Citizens of the United States are protected against racial discrimination by many laws, including Constitutional protections, civil rights statutes, and civil rights regulations. The Fourteenth Amendment, which provides all citizens with equal protection of the laws, was ratified in 1868; however, the most significant changes in the law with respect to racial discrimination have occurred in the last fifty years. In this time, a number of landmark events have occurred and a number of landmark laws have been passed that prevent discrimination on the basis of race in many circumstances.
- In 1954, the United States Supreme Court ruled in Brown v. Board of Education that the Equal Protection Clause of the Fourteenth Amendment to the United States Constitution prohibited segregation in public schools on the basis of race. The Court then required public school districts to begin the process of integration “with all deliberate speed.”
- The Civil Rights Act of 1964 brought about the most significant changes in civil rights protection in the history of the country. It prohibited racial and other discrimination in employment, education, and use of public accommodations and facilities.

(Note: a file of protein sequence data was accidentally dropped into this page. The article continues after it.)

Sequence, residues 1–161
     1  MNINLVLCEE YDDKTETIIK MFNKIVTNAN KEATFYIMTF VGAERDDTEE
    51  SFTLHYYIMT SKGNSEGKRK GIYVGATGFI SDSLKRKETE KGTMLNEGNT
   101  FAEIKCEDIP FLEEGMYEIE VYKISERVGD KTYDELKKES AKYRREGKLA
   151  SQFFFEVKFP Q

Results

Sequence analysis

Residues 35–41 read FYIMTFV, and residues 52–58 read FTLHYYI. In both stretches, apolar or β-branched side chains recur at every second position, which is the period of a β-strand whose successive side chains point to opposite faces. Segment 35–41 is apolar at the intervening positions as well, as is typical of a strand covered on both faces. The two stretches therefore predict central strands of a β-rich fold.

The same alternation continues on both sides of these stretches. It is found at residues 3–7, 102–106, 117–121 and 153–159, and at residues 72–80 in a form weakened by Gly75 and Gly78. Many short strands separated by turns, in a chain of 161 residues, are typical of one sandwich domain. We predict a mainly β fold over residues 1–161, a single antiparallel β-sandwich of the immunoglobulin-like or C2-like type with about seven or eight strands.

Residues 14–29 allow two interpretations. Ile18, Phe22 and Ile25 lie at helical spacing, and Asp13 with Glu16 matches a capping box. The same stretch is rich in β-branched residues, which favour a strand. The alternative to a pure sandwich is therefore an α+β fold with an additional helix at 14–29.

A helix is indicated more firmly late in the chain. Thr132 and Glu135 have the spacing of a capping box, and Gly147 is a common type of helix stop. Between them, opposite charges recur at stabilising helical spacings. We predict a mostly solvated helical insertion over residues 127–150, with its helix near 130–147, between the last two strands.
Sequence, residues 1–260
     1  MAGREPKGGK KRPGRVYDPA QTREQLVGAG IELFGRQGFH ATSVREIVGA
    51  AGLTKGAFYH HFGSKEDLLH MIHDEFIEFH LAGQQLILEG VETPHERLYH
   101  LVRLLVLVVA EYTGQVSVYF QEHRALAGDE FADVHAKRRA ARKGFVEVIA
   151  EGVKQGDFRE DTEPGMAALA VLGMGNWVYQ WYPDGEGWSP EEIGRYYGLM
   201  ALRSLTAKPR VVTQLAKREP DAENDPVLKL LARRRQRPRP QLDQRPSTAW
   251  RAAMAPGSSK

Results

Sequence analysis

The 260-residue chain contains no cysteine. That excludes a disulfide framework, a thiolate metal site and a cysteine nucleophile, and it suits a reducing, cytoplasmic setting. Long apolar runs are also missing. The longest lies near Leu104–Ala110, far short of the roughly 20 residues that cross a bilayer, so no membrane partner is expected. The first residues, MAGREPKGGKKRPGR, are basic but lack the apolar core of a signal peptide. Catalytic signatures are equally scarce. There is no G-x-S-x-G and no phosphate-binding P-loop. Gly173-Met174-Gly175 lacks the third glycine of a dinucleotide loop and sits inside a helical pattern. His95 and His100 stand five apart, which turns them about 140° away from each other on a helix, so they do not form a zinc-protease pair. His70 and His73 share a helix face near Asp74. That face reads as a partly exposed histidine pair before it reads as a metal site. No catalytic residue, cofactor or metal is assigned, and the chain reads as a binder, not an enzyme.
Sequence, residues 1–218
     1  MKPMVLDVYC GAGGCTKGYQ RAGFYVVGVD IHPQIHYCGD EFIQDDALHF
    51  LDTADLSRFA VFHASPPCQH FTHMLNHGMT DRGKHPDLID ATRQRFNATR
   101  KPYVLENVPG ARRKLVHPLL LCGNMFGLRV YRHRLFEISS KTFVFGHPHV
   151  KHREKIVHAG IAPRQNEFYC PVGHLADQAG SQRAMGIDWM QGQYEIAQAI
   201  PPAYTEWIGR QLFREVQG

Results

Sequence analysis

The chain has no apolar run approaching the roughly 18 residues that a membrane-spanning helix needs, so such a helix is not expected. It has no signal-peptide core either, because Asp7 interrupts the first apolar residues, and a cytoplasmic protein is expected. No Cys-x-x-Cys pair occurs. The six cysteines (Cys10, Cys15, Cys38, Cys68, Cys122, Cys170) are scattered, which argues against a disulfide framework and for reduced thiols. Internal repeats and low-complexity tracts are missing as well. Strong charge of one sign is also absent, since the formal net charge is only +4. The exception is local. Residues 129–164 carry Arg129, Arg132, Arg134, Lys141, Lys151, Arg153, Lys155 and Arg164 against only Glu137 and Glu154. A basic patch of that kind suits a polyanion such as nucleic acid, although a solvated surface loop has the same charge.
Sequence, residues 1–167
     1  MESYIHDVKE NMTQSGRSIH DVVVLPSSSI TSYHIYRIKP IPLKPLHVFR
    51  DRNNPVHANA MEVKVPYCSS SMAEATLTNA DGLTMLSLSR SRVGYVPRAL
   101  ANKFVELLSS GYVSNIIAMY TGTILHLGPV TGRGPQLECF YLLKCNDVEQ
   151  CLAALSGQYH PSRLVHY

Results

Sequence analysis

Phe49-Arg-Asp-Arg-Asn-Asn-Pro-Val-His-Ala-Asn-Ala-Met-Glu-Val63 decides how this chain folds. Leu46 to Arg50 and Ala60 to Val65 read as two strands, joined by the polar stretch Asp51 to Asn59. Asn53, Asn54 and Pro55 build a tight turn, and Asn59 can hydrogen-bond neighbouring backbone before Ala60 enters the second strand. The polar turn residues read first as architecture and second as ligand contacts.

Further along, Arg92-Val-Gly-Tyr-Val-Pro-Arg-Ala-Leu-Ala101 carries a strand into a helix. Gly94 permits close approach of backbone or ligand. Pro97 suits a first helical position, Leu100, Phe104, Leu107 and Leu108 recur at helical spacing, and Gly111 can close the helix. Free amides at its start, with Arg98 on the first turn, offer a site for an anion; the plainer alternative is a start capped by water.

- The Voting Rights Act of 1965 prevented racial and other forms of discrimination with respect to access to the ballots.
- The Fair Housing Act, part of the Civil Rights Act of 1968, prohibited discrimination in the sale and renting of housing. It also extended these prohibitions to lending and other financial institutions.
- The Civil Rights Act of 1991 was designed to strengthen and improve previous civil rights legislation.
Civil rights laws do not render every form of racial discrimination unlawful. For example, laws do not proscribe general notions of racial prejudice by private individuals in most circumstances. However, when racial prejudices or preferences interfere with the rights of others, then the law is more likely to provide protection. This distinction applies to government entities or business entities engaged in interstate commerce.